What is a “grey divorce”
Grey divorce is a term coined to describe older couples who are seeking a divorce after, perhaps decades of marriage. Over the past twenty years or so, solicitors have been reporting a steady rise in the numbers of grey divorces. As with any divorce, separating in your later years can be an extremely difficult time, both emotionally and practically.
Reasons behind the rise
There are several reasons why more and more older people are finding themselves contemplating divorce nowadays. Divorce has lost much of the stigma that used to surround it, which means that people feel less concerned about splitting up, as opposed to remaining in unhappy marriages for the sake of appearances. Secondly, we are living longer as a society, meaning that more of us are enjoying an extended period of retirement and older age. Healthcare is better too, so it is easier for most of us to enjoy our later years – often the desire to experience a ‘new lease of life’ can lead to major decisions being made around whether or not to continue a marriage.
Many grey divorces happen when children leave home to go to university, set up on their own or to get married themselves. The ’empty nest’ syndrome can leave many patents and carers wondering what’s next for themselves as their lived undergo a huge transformation. Finally, just as divorce is becoming more acceptable to society, so too is remarriage, with second, third and even fourth marriages not an uncommon phenomenon in the UK. Statistically speaking, subsequent marriages don’t always last as long as first ones, which can also go some way towards explaining the rise of the grey divorce and relationships becoming shorter-lived as we age.
Self-care during a divorce
Older people facing divorce can experience a wide range of emotions and it is vital that they look after themselves, seeking support from reliable, compassionate friends and family members and not expecting too much of themselves while the process is underway. Everyone involved needs time to think about what they want to happen next, and how they are going to achieve their newly-formed hopes for the next stage in life.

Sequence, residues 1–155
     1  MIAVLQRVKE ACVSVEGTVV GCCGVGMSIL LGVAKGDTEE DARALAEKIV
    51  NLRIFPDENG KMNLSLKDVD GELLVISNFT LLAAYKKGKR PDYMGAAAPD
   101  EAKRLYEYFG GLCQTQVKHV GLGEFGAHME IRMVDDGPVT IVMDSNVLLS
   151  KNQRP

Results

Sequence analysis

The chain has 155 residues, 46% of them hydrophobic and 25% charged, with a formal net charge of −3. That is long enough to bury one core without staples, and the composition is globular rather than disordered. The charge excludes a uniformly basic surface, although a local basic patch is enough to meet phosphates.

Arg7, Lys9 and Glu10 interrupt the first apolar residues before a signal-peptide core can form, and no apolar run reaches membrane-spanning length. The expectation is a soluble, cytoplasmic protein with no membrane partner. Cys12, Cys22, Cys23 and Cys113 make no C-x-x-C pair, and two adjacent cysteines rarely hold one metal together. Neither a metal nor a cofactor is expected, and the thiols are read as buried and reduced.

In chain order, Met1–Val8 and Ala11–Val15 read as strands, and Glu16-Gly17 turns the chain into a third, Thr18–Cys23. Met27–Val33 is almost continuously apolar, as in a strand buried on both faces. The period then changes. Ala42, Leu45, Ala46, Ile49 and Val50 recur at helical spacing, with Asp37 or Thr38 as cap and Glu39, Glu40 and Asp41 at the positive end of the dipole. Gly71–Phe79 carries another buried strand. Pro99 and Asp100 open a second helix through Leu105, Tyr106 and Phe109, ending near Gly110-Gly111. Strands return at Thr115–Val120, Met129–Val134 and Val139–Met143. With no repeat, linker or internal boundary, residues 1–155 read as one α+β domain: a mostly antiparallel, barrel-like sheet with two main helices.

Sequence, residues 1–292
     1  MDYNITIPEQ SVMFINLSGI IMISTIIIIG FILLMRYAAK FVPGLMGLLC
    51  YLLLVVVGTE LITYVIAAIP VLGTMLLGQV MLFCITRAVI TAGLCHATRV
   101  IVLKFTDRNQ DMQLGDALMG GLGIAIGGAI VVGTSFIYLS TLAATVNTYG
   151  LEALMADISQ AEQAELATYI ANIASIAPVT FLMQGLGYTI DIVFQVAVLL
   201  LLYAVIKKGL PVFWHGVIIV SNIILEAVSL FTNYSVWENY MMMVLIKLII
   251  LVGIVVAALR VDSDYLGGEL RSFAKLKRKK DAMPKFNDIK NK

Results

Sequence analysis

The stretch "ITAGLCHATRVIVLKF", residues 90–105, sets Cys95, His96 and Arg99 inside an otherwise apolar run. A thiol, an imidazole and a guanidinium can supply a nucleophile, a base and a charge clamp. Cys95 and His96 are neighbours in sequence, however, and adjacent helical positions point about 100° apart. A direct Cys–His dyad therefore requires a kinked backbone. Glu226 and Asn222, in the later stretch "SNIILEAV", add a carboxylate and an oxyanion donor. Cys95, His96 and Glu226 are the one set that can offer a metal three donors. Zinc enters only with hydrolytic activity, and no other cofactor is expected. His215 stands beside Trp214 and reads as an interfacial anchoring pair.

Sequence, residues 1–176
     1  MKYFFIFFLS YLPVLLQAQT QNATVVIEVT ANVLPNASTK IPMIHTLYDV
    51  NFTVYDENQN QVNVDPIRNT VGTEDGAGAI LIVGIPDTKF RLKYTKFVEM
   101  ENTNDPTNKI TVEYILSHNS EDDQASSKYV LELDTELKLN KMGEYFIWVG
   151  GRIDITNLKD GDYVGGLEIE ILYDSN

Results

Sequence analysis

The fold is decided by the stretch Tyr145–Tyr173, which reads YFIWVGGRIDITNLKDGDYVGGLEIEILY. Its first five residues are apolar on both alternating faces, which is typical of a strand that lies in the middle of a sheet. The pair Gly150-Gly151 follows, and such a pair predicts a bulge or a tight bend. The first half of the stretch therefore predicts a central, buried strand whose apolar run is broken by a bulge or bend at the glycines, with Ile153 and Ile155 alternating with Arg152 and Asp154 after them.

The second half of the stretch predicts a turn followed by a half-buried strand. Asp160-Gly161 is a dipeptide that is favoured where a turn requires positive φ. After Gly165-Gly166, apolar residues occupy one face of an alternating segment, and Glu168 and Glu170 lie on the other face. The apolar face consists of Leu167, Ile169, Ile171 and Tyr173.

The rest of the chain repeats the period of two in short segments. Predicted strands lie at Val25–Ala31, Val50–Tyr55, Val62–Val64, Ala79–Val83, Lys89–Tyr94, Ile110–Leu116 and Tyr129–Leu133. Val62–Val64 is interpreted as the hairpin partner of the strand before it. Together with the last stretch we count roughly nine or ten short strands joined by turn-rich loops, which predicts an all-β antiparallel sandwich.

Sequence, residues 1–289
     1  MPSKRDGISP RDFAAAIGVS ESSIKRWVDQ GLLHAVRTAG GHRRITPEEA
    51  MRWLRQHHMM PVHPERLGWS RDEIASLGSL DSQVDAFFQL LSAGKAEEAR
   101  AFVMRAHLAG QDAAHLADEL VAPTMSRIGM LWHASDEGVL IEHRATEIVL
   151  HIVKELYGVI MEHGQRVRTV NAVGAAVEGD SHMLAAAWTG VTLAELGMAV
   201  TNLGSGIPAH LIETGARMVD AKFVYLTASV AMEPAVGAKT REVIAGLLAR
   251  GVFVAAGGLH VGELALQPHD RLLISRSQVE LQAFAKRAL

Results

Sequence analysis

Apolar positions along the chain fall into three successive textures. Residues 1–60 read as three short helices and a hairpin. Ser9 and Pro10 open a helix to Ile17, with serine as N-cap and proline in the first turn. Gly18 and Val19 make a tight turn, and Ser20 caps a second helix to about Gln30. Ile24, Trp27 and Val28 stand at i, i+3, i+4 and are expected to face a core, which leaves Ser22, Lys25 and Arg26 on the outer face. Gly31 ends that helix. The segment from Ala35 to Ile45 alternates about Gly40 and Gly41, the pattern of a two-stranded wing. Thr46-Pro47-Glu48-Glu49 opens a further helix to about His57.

Remember to eat and drink properly. While you may wish to slow down your daily routine slightly as you come to terms with what is happening, try to remain as active as you feel able to, in order to take care of your health. Avoid spending too much time on your own. Don’t invest too much negative emotion, anxiety or time in arguments or animosity – seek professional support from a solicitor or mediator to resolve disputes as amicably and as quickly as possible. Don’t be afraid to lean on younger family members for emotional support, as they will be able to help you navigate your way through and may offer a valuable perspective into your situation from a different generation.
There is a lot to think about for divorcing couples of any age. Older couples will face many challenges, not least working out the best way to talk to family members about the future, decide on living arrangements for any dependents, rewrite wills and work out how to divide up assets amassed during the marriage. Many older people will have built up sizeable pensions, savings, property portfolios and cherished belongings that must be split up and their ownership agreed upon. Will you need to sell a house or end a rental contract? All these things and more are best organised with the help of a professional solicitor who is well-versed in handling divorces for older couples.